The lie about equality and equal rights is just that. They are just that, lies. When laws have to be created to create “equal rights and protections”, then there was never any intent to provide “equal rights and protections” for everyone without it being forced.توسط Native Opinion Incorporated
 
The Great Power of Small Nations: Indigenous Diplomacy in the Gulf South (U Pennsylvania Press, 2022) tackles questions of Native power past and present and provides a fresh examination of the formidable and resilient Native nations—including Biloxis, Choctaws, Chitimachas, Chickasaws, Houmas, Mobilians, and Tunicas—who helped shape the modern Gulf…
 
Americans celebrate a holiday they call Thanksgiving. It is a time where they share food and time with families, watch commercialized parades on TV, and then (some) finish their day by watching a professional football game. For indigenous people whose traditional territories are encroached upon each and every day, "Thanksgiving" is actually a day o…
 
Join Ouista Atkins the Training and Development Coordinator from the Seminole Tribe of Florida’s Native Learning Center as well as have Rosario Mendez, Attorney, Division of Consumer and Business Education, Federal Trade Commission (FTC) and Kira Krown, Consumer Education Specialist, Division of Consumer and Business Education, Federal Trade Commis…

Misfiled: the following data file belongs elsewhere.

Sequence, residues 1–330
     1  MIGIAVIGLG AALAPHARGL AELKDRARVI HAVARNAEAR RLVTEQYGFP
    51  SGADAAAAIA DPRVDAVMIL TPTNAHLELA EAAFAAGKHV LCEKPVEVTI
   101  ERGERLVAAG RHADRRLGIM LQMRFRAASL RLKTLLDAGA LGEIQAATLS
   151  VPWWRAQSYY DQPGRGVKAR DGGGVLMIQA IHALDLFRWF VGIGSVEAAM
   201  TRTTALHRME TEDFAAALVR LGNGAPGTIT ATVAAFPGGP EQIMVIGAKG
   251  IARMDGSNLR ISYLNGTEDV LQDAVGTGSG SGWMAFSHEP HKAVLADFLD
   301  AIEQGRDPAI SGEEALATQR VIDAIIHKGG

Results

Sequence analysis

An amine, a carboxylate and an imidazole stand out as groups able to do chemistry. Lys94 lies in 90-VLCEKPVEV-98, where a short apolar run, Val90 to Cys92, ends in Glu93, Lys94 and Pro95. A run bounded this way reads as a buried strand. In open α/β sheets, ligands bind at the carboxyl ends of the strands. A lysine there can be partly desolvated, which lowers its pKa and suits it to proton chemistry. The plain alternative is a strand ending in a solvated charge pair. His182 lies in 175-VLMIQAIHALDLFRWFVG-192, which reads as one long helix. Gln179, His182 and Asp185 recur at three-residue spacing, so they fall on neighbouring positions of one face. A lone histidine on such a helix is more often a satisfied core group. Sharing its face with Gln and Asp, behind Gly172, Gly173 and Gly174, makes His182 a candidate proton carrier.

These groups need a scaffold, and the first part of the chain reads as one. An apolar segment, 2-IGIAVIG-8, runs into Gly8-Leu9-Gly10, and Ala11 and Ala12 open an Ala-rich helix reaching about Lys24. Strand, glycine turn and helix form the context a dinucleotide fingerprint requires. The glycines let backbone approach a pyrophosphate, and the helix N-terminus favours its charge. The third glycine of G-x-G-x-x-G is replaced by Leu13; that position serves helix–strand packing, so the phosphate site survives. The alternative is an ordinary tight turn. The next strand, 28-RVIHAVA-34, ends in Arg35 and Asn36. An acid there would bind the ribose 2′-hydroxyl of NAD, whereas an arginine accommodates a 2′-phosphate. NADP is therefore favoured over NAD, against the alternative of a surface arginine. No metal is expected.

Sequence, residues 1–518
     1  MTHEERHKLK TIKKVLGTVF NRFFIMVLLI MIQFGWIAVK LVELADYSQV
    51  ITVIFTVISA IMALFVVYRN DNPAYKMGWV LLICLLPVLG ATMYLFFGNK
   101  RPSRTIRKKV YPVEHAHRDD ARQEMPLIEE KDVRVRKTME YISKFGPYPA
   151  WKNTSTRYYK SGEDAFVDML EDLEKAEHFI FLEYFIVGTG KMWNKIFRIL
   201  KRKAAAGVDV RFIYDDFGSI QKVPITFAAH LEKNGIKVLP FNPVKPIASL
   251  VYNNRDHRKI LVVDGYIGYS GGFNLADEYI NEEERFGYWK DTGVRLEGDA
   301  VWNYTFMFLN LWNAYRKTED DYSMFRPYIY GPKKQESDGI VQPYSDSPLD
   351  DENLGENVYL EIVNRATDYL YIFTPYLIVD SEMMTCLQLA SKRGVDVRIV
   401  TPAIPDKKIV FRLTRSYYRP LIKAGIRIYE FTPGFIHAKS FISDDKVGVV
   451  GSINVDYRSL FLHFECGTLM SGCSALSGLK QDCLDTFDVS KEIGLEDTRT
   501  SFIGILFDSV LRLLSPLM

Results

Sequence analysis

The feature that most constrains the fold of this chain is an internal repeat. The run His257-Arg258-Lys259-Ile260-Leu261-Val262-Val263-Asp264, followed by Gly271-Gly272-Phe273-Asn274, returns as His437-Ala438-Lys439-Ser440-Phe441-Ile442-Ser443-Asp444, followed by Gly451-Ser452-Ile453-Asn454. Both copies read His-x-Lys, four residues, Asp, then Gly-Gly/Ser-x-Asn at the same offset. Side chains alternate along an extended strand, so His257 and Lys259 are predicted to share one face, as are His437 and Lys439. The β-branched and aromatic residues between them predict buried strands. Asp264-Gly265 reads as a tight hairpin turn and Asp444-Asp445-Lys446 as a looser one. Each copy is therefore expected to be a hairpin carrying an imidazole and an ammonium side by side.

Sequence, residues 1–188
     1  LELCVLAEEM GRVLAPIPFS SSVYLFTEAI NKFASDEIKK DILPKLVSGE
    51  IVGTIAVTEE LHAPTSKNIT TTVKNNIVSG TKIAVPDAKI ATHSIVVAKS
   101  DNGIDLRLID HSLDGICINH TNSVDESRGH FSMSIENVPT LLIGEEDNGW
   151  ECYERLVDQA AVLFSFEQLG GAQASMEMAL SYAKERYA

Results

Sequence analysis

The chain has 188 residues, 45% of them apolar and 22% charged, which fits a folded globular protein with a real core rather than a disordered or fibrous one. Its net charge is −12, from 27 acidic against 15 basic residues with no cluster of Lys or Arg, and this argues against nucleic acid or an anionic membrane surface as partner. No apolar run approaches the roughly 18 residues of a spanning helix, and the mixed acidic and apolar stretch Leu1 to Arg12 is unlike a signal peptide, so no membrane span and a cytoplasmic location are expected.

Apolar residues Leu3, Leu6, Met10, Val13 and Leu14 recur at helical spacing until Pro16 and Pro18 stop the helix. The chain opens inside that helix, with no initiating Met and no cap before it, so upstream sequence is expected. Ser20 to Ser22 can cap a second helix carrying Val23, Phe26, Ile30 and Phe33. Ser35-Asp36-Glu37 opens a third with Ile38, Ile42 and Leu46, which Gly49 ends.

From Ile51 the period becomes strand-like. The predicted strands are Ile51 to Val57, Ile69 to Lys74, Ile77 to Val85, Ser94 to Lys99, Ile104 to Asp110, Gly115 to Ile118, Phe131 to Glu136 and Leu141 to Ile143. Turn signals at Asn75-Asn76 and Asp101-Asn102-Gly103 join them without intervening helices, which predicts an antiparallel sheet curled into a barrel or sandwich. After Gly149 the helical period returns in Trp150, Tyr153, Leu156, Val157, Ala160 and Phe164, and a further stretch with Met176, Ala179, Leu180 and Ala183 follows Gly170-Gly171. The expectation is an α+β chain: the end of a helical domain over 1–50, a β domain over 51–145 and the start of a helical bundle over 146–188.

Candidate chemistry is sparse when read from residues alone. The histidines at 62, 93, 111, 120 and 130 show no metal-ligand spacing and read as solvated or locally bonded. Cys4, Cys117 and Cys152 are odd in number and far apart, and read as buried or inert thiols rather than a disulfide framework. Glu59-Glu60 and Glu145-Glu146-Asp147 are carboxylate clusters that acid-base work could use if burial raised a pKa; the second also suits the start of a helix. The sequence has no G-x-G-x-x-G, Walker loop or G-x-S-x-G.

Most of what people think they know about Texas history is wrong, argues Bucknell University history professor Paul Barba in Country of the Cursed and the Driven: Slavery in the Texas Borderlands (U Nebraska Press, 2021). Setting out to write a book on Texas history that didn't mention The Alamo, Barba instead views the region's past through the le…
 
Antonio T. Bly had collected and edited hundreds of advertisements offering a reward for enslaved Native Americans who run away from their masters. Escaping Slavery: A Documentary History of Native American Runaways in British North America (Lexington Books, 2022) captures the lives of numerous individuals who refused to sacrifice their humanity in…
 
It has always been said that rats will desert a sinking ship. Well, the nation is getting a good look at who the rats are and what ship is sinking. Native people have always been dragged on board sinking ships by the rats with no lifelines for Native people when things go wrong. Now, we are refusing to allow ourselves to be subjected.…
 
Amanda Furiasse received her PhD in Religion and Graduate Certificate in Museum Studies from Florida State University in 2018. Her research unfolds at the convergence of religion, health, and technology and explores how African communities use religious ritual as a mechanism to heal from violence and trauma. She is Co-Founder and Curator at the Rel…